Jun1WedJune 1, 2016
1. Chaco tan lines
Let’s face it. When you signed up to work for missions organization, you said Good-Bye to that perfect even summer tan. T-shirts and Chaco’s; Work shirts and steel-toe boots… and nice farmer’s tans. When the time came to finally hit the beach after another hardworking summer, the tan lines were laughable… but we all had a secret sense of accomplishment when we got a proper Chaco tan line. It was a badge of honor.
2. A book bag full of seemingly random things
Carpenter pencils, drill bits, city transit maps, scratch paper with lists of lumber, bandanas, encouraging notes from youth groups. When you go to put all of your new textbooks and school supplies in your bookbag, you ask yourself, “What in the world is all this stuff??” And then you remember that these things were 100% necessary to your survival at a summer missions camp. Yes, even that tie-dye tool belt.
3. You can navigate through Home Depot like a boss.
“Do I need any help? Psh, I know my way around this hardware store like a kid knows Toys R Us.” After all of the hours you spent on the weekends shopping for lumber and screws and drywall for your work projects, you think you could easily be hired. Galvanized 16 penny’s? Sure. Pressure treated posts? Got it. The bathroom? Aisle 8, duh.
4. A strange and intense craving for camp food.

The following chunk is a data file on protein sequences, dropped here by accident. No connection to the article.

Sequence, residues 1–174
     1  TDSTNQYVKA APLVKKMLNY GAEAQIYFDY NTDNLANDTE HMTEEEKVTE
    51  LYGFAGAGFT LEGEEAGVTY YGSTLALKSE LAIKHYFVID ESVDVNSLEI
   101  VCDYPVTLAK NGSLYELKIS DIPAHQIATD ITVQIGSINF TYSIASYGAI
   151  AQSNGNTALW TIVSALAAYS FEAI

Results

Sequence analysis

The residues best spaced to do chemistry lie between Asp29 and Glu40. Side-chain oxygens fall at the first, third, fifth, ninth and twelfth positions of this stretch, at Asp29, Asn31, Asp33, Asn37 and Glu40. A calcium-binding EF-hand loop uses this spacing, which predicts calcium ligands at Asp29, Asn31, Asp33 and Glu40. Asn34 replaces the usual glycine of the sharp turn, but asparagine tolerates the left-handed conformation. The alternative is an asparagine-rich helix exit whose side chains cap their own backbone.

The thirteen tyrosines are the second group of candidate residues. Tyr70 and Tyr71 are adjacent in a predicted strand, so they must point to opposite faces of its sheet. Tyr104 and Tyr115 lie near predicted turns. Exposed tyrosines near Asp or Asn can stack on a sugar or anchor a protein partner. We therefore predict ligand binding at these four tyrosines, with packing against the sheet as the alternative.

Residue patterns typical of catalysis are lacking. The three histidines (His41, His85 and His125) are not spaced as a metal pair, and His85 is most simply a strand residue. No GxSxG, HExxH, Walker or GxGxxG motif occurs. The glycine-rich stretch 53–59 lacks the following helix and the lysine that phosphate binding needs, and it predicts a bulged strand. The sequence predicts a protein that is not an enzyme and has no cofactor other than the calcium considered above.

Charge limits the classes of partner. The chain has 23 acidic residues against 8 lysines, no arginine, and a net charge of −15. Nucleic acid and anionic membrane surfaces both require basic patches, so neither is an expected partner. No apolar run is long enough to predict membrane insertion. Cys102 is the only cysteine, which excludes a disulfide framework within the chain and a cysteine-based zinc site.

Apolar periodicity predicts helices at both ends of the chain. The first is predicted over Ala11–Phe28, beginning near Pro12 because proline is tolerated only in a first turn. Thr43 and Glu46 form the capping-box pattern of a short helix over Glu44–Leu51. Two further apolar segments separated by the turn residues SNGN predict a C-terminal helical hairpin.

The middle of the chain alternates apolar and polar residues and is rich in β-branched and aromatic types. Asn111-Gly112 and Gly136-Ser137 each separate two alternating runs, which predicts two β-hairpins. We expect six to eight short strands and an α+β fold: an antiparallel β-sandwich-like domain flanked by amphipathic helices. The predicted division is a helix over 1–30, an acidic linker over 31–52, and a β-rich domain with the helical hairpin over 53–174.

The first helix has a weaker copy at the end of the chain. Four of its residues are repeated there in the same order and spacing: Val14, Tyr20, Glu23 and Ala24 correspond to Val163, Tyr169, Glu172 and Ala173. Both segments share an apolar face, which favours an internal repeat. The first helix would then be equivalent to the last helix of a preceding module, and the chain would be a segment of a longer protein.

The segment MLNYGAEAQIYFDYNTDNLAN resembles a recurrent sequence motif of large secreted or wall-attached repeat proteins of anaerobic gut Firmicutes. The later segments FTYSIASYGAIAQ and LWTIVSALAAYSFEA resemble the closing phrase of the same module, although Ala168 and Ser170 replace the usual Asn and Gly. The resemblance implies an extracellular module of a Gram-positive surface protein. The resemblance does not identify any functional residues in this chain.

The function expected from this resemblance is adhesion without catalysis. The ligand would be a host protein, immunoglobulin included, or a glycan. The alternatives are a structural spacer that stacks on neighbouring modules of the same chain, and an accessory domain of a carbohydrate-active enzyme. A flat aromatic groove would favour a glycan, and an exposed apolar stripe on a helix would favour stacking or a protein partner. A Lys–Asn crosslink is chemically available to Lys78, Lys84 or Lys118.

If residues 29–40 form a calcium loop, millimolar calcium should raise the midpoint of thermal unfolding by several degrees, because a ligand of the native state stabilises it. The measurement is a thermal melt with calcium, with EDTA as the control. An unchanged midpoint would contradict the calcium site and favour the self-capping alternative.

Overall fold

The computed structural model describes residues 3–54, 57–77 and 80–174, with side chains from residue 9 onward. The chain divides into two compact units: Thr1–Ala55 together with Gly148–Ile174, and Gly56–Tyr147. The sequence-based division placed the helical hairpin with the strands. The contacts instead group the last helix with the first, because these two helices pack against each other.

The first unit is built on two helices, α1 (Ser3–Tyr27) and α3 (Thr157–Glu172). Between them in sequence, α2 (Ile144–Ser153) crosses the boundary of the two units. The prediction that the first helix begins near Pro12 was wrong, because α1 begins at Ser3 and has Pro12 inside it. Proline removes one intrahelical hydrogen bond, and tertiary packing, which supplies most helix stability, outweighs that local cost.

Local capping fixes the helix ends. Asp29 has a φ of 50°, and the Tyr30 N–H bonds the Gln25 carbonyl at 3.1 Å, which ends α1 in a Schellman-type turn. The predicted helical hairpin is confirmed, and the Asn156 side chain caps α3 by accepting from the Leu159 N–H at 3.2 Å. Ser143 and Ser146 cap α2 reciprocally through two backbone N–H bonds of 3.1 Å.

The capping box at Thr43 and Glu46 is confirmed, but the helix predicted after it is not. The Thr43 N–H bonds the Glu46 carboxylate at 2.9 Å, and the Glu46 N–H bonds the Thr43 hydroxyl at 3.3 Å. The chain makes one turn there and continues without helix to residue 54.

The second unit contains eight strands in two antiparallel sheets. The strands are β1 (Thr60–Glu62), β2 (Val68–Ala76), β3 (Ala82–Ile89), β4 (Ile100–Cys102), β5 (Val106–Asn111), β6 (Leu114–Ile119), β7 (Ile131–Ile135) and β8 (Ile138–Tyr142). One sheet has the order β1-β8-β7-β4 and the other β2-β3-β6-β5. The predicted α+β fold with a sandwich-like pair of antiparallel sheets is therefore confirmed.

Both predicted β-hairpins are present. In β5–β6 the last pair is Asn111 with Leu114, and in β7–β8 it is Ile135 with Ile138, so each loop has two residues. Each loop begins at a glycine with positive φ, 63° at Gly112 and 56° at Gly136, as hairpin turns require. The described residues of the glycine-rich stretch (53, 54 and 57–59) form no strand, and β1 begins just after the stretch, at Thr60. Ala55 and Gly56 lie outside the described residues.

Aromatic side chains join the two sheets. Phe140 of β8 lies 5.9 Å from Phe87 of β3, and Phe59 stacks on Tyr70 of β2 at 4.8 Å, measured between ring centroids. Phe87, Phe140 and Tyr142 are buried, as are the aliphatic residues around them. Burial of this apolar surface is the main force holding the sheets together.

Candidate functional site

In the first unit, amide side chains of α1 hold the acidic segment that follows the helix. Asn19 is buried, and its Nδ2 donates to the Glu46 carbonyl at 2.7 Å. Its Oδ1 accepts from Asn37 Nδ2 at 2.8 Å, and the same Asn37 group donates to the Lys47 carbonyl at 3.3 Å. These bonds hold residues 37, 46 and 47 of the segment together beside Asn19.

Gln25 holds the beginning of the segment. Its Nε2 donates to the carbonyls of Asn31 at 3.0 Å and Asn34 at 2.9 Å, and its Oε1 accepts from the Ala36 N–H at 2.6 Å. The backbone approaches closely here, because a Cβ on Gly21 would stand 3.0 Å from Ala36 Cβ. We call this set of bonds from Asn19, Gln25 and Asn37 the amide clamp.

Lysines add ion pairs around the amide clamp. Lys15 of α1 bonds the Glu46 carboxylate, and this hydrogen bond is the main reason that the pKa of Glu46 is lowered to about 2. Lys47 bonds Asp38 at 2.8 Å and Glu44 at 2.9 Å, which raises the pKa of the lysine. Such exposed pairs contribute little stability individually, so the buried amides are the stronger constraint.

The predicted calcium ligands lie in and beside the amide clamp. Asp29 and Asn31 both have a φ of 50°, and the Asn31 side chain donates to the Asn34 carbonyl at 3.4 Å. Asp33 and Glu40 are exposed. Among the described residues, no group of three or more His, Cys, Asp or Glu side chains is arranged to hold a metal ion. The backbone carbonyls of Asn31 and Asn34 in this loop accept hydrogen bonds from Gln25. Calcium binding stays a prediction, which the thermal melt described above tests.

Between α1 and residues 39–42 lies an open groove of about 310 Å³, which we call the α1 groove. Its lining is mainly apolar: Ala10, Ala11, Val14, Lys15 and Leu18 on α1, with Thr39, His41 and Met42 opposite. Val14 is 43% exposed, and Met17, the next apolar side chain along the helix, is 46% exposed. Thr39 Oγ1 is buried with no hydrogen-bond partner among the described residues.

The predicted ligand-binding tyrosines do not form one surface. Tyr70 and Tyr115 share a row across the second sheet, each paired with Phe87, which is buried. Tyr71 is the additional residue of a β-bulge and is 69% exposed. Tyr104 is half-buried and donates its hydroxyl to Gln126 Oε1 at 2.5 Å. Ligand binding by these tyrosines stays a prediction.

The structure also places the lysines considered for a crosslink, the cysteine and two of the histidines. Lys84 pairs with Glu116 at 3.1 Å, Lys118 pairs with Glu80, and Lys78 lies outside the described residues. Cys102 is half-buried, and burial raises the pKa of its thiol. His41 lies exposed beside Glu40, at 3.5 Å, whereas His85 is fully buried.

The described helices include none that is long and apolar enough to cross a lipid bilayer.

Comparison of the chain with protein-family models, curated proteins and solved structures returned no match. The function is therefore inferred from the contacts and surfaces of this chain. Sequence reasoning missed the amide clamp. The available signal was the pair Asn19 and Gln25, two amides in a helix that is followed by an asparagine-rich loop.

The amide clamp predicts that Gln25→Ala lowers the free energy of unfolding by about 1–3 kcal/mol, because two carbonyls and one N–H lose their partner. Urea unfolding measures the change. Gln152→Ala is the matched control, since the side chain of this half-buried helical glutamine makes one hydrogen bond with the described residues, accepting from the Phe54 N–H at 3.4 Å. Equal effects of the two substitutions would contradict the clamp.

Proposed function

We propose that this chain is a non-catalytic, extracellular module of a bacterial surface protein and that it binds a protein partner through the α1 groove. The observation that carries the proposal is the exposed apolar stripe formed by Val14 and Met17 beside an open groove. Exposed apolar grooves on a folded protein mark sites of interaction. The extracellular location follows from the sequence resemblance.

Oh, cookout night, how we dreaded night after night of burnt burgers, industrial sized canned baked beans, and weird yellow potato salad. We solemnly vowed to never eat those things again, but when the familiar smell of burning charcoal is in the air the craving is back. You can’t explain why.
5. A passion for loving and serving others.
You spent your whole summer building wheelchair ramps for elderly ladies in need, passing out lunches to the homeless under city bridges, and singing praises to God with youth from all across the country every night. Working for a summer missions camp was an unforgettable picture of God’s Kingdom and you can’t help but tell everyone you know about how awesome it was. You even find yourself thinking of creative ways to meet people’s needs in your own community… because the summer really changed your life.